Think you can’t evaporate with low temperatures? Think again…
When treating wastewater, sludge and digestate, it can be beneficial to reduce the volume of material or increase the solids content. Mechanical dewatering via a centrifuge or belt press to separate solids and liquids is standard for the water treatment and anaerobic digestion sectors – but what if you want to further reduce the water content of the remaining liquid fraction?
The two main reasons to remove or reduce water from effluent and waste are either to reduce the volume of material in order to cut storage, handling and disposal costs; or to produce materials with distinct properties (such as liquid and solid fractions of digestate), which can then be stored and used in the most appropriate way. The traditional options are drying (which requires large quantities of heat and energy, is costly and inefficient) and evaporation (usually requiring temperatures in excess of 100ºC).
Energy efficient evaporation
However, for many types of effluent, low temperature evaporation can be very energy efficient. Where process temperatures are 85-90º C, low temperature evaporation combines the use of a vacuum to reduce the boiling point of the liquid to be removed, together with traditional high temperature evaporators, based on heat exchanger technology, and surplus heat from heaters and CHP engines can often be utilised for the process.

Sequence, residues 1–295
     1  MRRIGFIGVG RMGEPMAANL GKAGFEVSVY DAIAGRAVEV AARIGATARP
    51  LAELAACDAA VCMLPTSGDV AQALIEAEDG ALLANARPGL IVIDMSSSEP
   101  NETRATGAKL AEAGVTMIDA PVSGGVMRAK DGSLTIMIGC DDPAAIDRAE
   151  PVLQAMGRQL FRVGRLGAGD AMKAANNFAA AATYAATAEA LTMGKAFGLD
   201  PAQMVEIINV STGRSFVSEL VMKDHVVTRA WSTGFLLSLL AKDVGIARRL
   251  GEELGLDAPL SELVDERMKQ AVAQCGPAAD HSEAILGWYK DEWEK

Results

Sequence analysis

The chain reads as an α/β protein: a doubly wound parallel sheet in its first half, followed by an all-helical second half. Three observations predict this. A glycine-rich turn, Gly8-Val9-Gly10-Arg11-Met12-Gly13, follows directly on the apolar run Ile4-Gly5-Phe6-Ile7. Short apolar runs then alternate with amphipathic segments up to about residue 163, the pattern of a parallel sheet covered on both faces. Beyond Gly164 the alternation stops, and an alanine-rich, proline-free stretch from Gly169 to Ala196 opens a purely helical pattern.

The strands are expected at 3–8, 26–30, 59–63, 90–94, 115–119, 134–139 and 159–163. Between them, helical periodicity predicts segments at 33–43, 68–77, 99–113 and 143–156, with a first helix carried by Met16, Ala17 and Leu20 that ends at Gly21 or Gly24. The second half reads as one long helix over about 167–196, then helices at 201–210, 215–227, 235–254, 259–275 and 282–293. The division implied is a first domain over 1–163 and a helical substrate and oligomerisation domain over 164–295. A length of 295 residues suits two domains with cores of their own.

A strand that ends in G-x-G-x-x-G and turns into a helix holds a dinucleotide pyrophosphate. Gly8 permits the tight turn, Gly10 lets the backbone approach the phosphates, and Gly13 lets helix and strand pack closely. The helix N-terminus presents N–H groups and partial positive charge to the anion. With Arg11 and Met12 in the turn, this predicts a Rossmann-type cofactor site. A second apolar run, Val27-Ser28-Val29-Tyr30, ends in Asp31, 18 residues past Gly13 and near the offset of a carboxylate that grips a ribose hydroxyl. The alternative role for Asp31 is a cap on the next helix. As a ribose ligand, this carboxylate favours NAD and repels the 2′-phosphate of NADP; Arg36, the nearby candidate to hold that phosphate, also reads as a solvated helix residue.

Heat exchangers from HRS are capable of recovering such heat and using it as the basis for an evaporation system can further improve overall process efficiency. Additionally, using a vacuum in the system to reduce the boiling point reduces the amount of energy required even further. Combining systems into a multiple-effect evaporator allows larger quantities of water to be removed for the same initial heat input, with the vapour boiled off in one vessel used to heat the next.
Selecting the right heat exchanger
The type of heat exchanger used will depend on the nature of the products being treated. For materials with low or medium viscosities, such as wastewater and effluent with low concentrations of organic solids, using the HRS K Series as an evaporator module provides high heat transfer rates with good resistance to fouling. For more challenging and viscous materials, such as thicker effluents, digestate and solids with higher dry matter concentrations, the HRS Unicus Series contains a self-cleaning scraper mechanism which reduces fouling and maintains heat transfer rates (and therefore operational efficiency).
While both the K Series and Unicus Series are commonly used in the type of multi-effect evaporation system described above, both heat exchanger models can also be used in other types of evaporator, such as mechanical vapour recompression (MVR) or thermal vapour recompression (TVR) systems, depending on the needs of the product or application.
The ultimate use of HRS heat exchangers for low temperature evaporation can be found in the HRS Digestate Concentration System (DCS), which uses multiple evaporation effects to increase the solids in liquid digestate three- to four-fold. Whether you want to minimise effluent and digestate volumes using the DCS, or simply reduce them in a more energy efficient way, HRS Heat Exchangers has a low temperature evaporation solution to achieve the required results.